As a practicing attorney at Williams, Porter, Day, and Neville, Craig Silva has built one of the most impressive careers the firm has ever seen. He has had his share of highs, lows, trials, and tribulations. Through it all, he maintained a sardonic, self-deprecating attitude, but those who know him know how exceptional he really is, both as an attorney and as a human being. This became even more evident recently when Silva made a significant contribution to his alma mater, Casper College.
But before his journey could lead back to Casper College, it had to begin there.
Silva said that, in his younger and more vulnerable years, he was a bit of a wild child but he began to get his act together once he got to college. In doing so, with a little bit of luck, a little bit of skill, and a big impression on a teacher, he was able to become a President’s Honor Scholar.
While Silva was a student at CC, he was studying to become a teacher. During a Psychology class that he was taking, a law professor came in to give a presentation. That man’s name was Russ Rauchfuss and he would later play an integral role in the humble beginnings of Silva’s law career. After a particularly auspicious conversation during the class, Rauchfuss actually ended up offering Silva a job.
Silva said that opportunity reinforced his newly acquired love of the law and, even though his title was more or less a ‘gopher’ at Beech Street Law Offices, he did a lot, and he learned a lot. From coffee making, to copy machine fixing, to writing injunctions and securing documents from courthouses, Silva said he “learned everything about how to run the office, from the ground up.” That skill would come in handy in the future but, first, there was that pesky issue of completing law school. Luckily, the lawyers at Beech Street wrote him a letter of recommendation, and he was accepted into the University of Wyoming Law School shortly thereafter.
Most lawyers strive to have a job in the world of law after their first year of law school, whether it’s as a paralegal, a gopher, or a clerk. Silva said that during the summer after his first year of law school, he was walking around Casper, clad only in jeans and a t-shirt, looking for a job. He walked into attorney Tom Sedar’s law office and, after a less than thorough HR process, he was hired.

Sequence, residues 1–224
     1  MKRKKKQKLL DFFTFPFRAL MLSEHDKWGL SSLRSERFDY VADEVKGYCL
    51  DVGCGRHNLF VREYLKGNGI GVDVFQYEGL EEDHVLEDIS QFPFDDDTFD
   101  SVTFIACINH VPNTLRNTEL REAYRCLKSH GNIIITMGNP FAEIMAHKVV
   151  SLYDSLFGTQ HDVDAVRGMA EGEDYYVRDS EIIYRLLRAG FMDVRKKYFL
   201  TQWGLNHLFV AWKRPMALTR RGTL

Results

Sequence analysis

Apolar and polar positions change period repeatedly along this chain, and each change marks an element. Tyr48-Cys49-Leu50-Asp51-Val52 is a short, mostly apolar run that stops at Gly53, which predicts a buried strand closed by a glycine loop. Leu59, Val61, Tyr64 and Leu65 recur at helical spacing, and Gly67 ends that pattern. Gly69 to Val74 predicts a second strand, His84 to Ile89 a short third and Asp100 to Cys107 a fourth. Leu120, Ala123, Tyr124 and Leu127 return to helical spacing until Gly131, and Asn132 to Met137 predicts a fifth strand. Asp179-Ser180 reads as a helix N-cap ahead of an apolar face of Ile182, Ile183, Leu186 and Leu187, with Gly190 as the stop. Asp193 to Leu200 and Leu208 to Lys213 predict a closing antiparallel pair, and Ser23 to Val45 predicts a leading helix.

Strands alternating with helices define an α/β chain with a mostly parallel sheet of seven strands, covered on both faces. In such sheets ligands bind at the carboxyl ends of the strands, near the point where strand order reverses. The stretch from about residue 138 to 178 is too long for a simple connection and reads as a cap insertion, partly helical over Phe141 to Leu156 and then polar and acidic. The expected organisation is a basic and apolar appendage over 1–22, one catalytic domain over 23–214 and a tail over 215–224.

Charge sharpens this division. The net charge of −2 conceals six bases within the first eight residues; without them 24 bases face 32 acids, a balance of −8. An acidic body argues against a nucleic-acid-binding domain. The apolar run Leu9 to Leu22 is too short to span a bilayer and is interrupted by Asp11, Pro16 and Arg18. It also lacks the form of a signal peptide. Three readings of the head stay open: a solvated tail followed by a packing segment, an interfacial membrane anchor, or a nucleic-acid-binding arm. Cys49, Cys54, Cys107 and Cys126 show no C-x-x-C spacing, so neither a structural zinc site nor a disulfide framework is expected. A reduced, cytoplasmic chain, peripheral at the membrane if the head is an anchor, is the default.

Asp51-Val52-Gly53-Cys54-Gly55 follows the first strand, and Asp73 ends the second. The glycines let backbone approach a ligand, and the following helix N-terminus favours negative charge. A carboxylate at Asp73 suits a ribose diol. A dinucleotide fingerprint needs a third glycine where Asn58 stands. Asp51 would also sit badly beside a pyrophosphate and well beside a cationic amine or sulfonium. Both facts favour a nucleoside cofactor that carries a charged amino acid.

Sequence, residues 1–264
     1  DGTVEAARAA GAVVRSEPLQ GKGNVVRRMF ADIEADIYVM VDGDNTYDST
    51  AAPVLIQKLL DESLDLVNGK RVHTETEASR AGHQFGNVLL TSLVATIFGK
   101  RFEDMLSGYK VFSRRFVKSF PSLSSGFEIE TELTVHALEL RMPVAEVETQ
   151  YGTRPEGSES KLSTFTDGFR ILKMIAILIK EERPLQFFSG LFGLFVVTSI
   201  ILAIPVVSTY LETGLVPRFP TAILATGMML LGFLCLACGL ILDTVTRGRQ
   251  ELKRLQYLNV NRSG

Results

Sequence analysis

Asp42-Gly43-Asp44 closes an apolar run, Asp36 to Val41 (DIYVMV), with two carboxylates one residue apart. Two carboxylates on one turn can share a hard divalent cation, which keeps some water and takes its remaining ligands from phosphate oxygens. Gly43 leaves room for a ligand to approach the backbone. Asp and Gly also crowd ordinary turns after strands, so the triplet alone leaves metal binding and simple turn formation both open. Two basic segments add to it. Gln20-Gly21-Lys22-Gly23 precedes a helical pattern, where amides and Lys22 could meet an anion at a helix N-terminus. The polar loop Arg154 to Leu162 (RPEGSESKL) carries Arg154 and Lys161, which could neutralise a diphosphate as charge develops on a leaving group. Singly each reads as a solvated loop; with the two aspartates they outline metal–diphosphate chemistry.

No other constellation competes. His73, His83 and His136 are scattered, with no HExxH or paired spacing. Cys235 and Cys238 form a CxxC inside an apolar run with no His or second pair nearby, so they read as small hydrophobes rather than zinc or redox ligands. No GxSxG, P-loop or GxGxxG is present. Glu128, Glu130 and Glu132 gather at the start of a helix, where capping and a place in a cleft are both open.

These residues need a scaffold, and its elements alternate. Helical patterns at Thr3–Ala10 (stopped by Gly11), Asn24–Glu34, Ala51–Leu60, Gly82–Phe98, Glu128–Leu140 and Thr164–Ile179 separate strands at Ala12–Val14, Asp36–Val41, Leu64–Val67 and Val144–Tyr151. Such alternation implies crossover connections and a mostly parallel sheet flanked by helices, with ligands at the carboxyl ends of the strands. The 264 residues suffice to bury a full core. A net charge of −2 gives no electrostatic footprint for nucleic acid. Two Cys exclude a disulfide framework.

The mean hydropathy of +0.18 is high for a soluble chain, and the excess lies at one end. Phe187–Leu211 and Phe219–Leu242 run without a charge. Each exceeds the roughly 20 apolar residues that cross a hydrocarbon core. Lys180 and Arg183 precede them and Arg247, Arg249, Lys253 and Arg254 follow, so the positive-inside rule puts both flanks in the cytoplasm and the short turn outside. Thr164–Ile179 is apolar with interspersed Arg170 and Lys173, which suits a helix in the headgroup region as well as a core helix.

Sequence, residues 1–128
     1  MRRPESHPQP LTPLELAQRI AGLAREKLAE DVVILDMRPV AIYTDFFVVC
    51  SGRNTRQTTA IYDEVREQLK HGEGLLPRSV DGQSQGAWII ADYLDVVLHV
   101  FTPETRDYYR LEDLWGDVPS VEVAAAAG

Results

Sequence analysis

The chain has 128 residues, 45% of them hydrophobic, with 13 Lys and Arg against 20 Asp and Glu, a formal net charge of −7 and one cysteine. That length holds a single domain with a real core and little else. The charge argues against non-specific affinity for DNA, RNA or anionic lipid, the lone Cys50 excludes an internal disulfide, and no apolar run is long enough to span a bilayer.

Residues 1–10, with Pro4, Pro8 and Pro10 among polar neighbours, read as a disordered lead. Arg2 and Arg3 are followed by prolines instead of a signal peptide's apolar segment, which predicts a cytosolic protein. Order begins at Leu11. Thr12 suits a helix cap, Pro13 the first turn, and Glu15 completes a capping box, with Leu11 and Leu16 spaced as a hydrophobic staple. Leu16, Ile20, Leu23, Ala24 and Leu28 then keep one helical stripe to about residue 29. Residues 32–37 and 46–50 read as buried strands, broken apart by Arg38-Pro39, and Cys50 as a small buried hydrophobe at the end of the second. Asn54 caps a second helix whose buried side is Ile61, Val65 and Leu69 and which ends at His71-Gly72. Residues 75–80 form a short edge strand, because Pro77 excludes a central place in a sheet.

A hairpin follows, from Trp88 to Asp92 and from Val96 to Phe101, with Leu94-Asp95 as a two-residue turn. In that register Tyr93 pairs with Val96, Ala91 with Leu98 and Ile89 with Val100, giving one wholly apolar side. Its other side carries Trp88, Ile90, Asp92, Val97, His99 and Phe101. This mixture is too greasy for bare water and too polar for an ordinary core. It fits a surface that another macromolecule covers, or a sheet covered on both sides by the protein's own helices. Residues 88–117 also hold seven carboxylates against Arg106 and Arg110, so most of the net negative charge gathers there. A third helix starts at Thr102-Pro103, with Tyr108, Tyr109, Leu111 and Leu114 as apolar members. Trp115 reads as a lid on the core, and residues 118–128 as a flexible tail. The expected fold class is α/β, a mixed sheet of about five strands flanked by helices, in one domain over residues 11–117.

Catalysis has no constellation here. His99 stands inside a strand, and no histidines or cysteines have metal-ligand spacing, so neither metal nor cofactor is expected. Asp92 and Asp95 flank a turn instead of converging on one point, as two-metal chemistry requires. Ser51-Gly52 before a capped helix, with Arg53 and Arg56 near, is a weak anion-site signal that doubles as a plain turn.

The problem was, he wasn’t actually going to be making a whole lot of money; a fact that did not sit well with his soon-to-be wife.
“I said, ‘Hey, I got this job. I’m making $500 and I get a percentage of what I make for the firm.’ I thought I had three magic beans, like Jack and the Beanstalk. And then she looked at me and said, ‘That doesn’t even cover the house payment.’ So, while I worked for Tom Sedar, I also worked nights at Arby’s, so that we could make the house payment.”
Silva was paying his dues, both at the law office and at Arby’s. Remember that part; it’s important later.
Silva graduated and passed the bar exam in 1996. Those two accolades would have been big life shifts in and of themselves, but the biggest moment came that same year, with the birth of his first child.
Fresh out of law school, and now with a family to feed, Silva needed a job. He was hired by Judge Ryckman in the Third Judicial District as a judicial law clerk, where he worked for about a year. Following that, he began working for WPDN.
“When I worked at Arby’s, we had a mission statement,” he said. “The mission statement was this: ‘We provide fast, friendly, accurate service. We service only high quality, appetizing, wholesome food and we maintain a clean, comfortable, pleasant restaurant.’ Williams, Porter, Day, and Neville provide good service for all the people of Wyoming. We provide good service at a fair price.”